Have you seen this commercial? The first time I saw it, I cracked up laughing.
…”no more butt dialing. yayyy!”.
Found this article and thought it was pretty funny. I know I’m guilty of one or two of them.
‘Butt dialing’ and the nine new deadly sins of cell phone use
Thou shalt not use bad phone hygiene, take pictures at funerals or make untoward braggadocio
The new deadly sins
While the old cell phone sins still pertain, here are nine new deadly sins of mobile phone use and how to avoid committing them or becoming a victim.
1. Butt dialing
This sin is typically caused by people who don’t understand issues such as how the “dial last number called” feature can be accidentally triggered.
“It’s happened to me,” Pesci says. “It’s embarrassing.”
The recipient of a butt-dialed call typically hears background talk, the sound of clothes rustling or the contents of the purse jostling. However, there’s the potential for embarrassment if the butt-dialer happens to be talking about sensitive business or personal issues.
Avoid butt dialing by learning how to lock the keyboard of your phone.
2. Aisle clogging
This sin occurs when people are clamoring to get off an airplane and somebody stands in the aisle and is focused on making a call, checking for voice messages, looking at e-mail or sending a text message. The result: Everybody behind the person is forced to wait.
“I was on a plane and somebody insisted on immediately getting on her phone to call whoever was picking her up,” Winkler says. “‘We just landed,’ she said. ‘Now, they’ve just opened the door.’ Finally, a diplomatic man took her bag out of the overhead and handed it to her and she seemed to get the point.”
Grenny noted that variations of this sin can occur in any line, such as the line of a fast-food restaurant or a grocery checkout. “It’s absolute rudeness,” he says.
Avoid aisle clogging by making the business at hand your first priority. Once you are in the terminal or out of line, you can check your e-mail, make your calls or send text messages. It can wait that long. Really.
3. Untoward braggadocio
This often takes the form of two or more people loudly comparing their phones in public. And, as mobile devices shrink, it often takes the form of “mine is smaller than yours.” (Full disclosure: The author confesses to this particular sin.)
“It’s a guy thing,” Winkler laughs.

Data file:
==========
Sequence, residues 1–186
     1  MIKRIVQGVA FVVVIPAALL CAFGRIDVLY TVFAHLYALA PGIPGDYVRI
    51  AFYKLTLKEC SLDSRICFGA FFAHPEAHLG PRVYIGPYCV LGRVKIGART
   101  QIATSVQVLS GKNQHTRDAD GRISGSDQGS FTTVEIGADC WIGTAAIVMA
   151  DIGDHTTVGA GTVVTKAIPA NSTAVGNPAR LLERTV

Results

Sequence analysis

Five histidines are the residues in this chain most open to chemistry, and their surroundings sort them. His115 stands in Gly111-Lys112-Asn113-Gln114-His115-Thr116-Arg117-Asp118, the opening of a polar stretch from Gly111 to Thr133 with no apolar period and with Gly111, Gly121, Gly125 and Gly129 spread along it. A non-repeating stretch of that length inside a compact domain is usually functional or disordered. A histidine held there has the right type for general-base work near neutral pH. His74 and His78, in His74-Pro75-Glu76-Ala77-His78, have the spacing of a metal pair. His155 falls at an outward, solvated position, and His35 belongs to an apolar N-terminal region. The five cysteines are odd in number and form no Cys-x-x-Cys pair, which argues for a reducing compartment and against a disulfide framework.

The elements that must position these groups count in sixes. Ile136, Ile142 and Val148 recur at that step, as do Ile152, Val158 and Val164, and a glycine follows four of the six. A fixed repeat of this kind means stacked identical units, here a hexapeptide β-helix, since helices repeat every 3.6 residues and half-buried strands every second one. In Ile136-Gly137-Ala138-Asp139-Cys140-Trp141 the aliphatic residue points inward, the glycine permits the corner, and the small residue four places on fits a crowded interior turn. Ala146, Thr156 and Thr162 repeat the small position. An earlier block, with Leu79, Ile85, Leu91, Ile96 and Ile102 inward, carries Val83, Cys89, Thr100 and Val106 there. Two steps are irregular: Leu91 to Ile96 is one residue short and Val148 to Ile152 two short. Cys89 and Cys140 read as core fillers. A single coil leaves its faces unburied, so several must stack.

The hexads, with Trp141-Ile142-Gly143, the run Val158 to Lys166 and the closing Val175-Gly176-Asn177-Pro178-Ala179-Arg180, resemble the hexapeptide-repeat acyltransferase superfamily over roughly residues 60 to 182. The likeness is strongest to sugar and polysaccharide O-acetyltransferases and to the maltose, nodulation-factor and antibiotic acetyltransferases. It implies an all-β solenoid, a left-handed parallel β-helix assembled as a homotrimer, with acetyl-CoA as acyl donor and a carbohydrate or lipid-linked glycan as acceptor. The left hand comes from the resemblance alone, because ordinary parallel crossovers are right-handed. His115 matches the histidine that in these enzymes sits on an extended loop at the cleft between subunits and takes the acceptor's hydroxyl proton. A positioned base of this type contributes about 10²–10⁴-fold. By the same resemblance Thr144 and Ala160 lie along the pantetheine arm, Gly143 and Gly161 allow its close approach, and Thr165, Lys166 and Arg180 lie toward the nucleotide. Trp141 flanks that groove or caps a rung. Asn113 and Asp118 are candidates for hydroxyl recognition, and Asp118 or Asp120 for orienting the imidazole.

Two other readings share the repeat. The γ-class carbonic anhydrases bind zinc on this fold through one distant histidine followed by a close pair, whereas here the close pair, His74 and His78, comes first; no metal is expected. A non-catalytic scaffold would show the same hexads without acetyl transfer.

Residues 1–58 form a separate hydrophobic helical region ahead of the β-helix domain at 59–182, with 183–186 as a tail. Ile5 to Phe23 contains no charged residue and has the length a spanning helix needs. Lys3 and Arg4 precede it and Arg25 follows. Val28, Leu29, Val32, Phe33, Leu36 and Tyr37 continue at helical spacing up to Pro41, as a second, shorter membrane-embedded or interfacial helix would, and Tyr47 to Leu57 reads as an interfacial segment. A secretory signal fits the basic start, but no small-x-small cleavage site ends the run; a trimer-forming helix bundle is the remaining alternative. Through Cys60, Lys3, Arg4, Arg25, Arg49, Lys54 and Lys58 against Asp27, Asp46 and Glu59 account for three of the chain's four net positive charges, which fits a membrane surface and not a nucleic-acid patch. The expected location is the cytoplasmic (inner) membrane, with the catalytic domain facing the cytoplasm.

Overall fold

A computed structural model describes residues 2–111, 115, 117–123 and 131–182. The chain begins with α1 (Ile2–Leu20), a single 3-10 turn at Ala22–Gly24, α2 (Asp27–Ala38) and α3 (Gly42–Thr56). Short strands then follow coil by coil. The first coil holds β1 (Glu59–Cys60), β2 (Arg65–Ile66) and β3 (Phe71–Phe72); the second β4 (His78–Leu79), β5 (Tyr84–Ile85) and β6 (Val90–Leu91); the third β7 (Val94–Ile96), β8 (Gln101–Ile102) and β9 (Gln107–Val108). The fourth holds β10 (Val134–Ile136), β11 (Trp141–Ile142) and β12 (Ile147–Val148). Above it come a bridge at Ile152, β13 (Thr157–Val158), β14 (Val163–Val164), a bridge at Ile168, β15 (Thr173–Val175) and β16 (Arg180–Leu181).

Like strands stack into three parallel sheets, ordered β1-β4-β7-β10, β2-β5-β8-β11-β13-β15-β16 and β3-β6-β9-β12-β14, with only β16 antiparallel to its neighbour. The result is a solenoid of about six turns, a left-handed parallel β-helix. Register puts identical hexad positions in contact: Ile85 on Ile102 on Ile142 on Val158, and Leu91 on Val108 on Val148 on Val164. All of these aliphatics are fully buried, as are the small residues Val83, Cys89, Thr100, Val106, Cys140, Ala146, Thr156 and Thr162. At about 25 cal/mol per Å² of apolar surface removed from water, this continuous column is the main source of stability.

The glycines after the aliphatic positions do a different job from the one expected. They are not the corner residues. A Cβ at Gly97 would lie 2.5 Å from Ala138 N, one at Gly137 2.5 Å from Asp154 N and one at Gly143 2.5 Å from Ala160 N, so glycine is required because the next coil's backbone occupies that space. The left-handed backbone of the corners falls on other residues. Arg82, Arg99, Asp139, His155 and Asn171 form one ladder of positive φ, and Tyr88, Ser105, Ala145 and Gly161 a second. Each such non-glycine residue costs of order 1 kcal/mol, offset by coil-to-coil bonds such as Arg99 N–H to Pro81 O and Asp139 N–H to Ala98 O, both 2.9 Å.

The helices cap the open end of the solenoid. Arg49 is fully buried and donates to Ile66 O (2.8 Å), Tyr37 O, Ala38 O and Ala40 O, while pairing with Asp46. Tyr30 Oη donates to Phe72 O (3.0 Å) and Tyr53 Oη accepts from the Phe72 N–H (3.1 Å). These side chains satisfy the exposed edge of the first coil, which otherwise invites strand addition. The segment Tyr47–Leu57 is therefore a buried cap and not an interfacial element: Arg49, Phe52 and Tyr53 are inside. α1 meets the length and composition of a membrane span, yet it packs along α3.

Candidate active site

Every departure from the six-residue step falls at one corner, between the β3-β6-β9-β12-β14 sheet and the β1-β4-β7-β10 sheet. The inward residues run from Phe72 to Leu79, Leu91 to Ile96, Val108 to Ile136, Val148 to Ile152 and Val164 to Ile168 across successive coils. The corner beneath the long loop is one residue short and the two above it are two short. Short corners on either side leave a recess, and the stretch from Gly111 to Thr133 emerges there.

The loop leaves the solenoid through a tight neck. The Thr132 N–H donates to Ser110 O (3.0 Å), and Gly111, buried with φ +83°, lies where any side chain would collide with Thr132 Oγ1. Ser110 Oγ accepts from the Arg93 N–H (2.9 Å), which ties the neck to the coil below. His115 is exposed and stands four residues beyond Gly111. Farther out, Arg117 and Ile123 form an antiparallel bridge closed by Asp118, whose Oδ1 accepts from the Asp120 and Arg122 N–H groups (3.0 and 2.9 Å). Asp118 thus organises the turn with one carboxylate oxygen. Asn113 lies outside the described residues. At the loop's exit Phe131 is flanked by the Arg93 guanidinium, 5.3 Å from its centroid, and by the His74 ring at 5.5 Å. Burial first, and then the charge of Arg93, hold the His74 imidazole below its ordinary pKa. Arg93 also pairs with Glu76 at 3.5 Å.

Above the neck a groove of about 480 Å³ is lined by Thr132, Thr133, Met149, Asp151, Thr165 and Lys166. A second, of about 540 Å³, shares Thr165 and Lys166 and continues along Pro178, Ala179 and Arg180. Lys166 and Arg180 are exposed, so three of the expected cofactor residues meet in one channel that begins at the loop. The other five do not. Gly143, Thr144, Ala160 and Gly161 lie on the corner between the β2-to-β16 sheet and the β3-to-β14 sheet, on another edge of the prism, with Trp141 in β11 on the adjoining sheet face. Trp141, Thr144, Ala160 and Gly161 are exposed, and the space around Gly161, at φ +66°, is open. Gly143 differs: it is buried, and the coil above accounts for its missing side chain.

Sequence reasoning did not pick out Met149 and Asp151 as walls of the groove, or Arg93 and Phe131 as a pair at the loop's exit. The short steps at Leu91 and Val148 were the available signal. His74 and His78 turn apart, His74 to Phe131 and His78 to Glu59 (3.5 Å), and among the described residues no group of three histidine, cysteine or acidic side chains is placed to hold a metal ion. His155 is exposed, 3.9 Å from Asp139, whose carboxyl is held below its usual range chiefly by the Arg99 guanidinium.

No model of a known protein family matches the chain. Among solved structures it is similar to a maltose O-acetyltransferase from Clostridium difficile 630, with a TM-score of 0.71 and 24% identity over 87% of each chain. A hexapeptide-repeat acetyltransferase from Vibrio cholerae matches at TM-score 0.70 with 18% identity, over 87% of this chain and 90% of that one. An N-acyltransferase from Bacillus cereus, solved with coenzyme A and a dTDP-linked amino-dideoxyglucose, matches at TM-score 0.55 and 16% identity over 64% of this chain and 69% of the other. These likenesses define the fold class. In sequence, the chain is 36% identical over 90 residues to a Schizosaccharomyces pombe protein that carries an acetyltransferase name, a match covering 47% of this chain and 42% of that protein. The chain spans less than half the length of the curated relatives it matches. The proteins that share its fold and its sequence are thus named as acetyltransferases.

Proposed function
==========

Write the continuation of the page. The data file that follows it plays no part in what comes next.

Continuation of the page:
Grenny calls this sin “brandishing.” “You’ll see it on an airplane where one guy takes out his phone, and then his neighbor takes out his phone.”
Avoid untoward braggadocio by not doing it. Or at least doing it quietly.
4. Bad phone hygiene
There are two common manifestations of this problem. The first is lending a phone to someone and getting it back full of face-grease smudges. The second occurs when you lend your phone to somebody, who hands you it back to you and says something like, “I hope you don’t catch my cold.”
Avoid bad phone hygiene by being thoughtful and remembering that most phones have smooth surfaces that easily pick up smudges. And a little common courtesy, please, if you have a cold. Or be like Baker.
“I’m a germaphobe,” she says. “I just don’t lend my phone to others.”
5. Bad headset denial
It’s hardly a secret that it’s difficult to hear some cell phone calls. Sometimes, the problem is just a bad connection. Other times, though, a person’s headset is either poorly positioned so that it rubs against the person’s jaw, creating a lot of noise or is too far away from the mouth.
“When that happens, you get about 30% of the conversation,” Grenny says. You go, ‘Uh-huh,’ just to fake your participation in the conversation.”
The problem: Some people will deny vociferously that their headset is at fault. Avoid bad headset denial by taking the time to adjust your headset before blaming the other party for bad reception. Also, ask the person on the other end of the call whether he can hear you clearly.
6. Inappropriate headset use